From the Crikey grapevine, the latest tips and rumours …
Dirty tricks in the Tas campaign … We’re edging towards the Tasmanian and South Australian state elections on March 15 — “super state Saturday”, if you will — and a southern mole reckons dirty tricks are afoot:
“Labor supporters door knocking for [state Labor minister] David O’Byrne in Hobart at the weekend were surprised to find a number of confessed Labor’s party faithfuls with Liberal posters on their front fences. Simple, they said, the Liberals were offering $50 to attach a poster to their premises. Money speaks louder than party loyalty, it seems.”
Well, $50 is a lot of money in Tasmania’s flailing economy. Quite understandable. Ms Tips saw an awful lot of Liberal posters dotted around Tasmania recently, while the ALP had a feeble showing.
… and meet Labor’s ‘first couple’ of SA. On Friday we asked for any fun election material, and yesterday we received this. It’s Liberal Party propaganda about South Australian Labor state politician Russell Wortley, whose wife, Dana, is also running for a state seat for the ALP. Tips is perplexed by the line of argument. So, MPs are paid too much, which is why we should limit the salary to one per family? Isn’t that a dangerous line to run during an election campaign? Still, maybe it’s good MP salaries are getting a look-in, one way or another.
Nervous journos face Fairfax firing squad. There are some very nervous young journalists this morning as Fairfax continues its cull of potential cadets. Word from The Age bunker is the field has been narrowed to 120 based on written applications — plus a video where candidates had to solve the conundrum of journalism in the digital age — with the next round beginning today. And it’s a rigorous exercise: there’s an interview with editors, story pitches, a current affairs test and even a mock press conference. One in four will go on to the next round. We reckon it’d make a terrific reality TV show …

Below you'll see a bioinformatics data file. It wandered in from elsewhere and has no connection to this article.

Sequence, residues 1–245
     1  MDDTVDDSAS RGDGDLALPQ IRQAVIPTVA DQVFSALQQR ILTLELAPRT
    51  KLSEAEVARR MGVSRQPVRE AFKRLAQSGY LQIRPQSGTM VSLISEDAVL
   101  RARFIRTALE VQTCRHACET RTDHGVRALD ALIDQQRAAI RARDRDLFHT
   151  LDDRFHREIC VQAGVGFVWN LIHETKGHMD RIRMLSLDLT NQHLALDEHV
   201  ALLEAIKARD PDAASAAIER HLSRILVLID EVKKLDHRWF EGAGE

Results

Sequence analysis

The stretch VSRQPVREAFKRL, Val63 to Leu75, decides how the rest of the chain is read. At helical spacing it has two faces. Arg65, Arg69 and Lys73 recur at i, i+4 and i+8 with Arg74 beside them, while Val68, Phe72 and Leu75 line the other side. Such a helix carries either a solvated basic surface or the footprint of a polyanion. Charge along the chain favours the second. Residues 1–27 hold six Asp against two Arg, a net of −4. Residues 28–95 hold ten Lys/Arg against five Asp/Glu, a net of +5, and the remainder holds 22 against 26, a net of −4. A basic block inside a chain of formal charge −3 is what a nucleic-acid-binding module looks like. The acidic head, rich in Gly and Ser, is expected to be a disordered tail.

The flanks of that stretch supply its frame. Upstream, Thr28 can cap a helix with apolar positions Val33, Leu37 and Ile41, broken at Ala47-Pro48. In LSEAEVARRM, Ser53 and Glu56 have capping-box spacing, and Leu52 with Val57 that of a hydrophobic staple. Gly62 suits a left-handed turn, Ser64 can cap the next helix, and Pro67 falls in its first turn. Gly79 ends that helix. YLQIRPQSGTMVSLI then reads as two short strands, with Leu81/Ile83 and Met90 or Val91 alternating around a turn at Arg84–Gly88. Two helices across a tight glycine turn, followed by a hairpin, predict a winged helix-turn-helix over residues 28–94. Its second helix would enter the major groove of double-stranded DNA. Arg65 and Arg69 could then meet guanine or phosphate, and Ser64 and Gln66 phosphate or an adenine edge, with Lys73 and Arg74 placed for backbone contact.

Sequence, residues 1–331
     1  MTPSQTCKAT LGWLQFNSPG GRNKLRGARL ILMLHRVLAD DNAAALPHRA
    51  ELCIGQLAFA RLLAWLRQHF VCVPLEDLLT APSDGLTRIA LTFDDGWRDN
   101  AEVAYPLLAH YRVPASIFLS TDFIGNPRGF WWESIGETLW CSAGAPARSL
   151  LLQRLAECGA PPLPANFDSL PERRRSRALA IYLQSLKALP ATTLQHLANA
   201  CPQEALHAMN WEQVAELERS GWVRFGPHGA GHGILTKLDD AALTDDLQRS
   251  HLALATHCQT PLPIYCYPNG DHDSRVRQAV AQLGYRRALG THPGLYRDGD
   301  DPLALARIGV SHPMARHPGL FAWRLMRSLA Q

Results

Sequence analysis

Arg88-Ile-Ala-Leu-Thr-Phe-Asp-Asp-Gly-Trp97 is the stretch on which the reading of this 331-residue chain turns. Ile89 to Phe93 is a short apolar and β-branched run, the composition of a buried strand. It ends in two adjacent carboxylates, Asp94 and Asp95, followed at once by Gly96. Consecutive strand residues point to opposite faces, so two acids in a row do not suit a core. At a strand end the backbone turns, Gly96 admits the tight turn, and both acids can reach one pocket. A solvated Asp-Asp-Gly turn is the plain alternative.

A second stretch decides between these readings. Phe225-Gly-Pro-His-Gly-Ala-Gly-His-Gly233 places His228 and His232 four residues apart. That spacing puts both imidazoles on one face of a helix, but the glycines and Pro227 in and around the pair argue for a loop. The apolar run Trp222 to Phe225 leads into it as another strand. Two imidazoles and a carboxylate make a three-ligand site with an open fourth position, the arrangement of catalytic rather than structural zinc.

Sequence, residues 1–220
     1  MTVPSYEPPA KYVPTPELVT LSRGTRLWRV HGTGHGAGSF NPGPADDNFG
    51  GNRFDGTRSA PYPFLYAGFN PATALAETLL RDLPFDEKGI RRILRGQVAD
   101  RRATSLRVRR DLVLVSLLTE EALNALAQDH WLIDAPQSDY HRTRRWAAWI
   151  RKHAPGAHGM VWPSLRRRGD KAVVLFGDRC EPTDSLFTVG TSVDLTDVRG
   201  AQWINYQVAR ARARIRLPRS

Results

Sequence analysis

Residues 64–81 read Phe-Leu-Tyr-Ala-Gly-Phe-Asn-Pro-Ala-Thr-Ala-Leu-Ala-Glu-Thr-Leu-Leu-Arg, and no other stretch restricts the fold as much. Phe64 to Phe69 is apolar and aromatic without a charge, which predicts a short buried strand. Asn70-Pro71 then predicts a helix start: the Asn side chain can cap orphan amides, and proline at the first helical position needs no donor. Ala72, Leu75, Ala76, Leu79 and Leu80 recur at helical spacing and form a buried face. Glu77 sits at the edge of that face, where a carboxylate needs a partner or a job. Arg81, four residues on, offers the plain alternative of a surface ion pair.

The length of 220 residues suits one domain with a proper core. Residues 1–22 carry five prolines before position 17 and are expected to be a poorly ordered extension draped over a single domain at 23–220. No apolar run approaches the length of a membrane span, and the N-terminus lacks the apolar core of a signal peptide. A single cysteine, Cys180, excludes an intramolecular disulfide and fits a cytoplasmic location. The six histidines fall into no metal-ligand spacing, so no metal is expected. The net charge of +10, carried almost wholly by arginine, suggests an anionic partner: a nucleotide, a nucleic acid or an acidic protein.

The case of the mouldy chemo. Last week we told you of a batch of Fresenius Kabi chemotherapy drugs that had been contaminated with mould and recalled. We wondered why Queensland Health did not tell any patients about the mouldy chemo, and whether any hospitals had done so. An insider has got in touch to set the record straight. Says our mole:
“The TGA , in association with Fresenius, issued a national recall for 20 batches of 11 different agents, which was received by QH on 12th February. Only 3 public hospitals were amongst the recipients of affected stock. Each of those hospital pharmacies was immediately telephoned, but they had already received individual letters from Fresenius and acted upon them.
“So Fresenius, QH and the hospitals acted properly in this. Whatever scandals there might be in QH, this isn’t it. I don’t know what happened in other states. How do I know this? Because part of my job is to disseminate these recalls to public hospital pharmacies in Queensland.”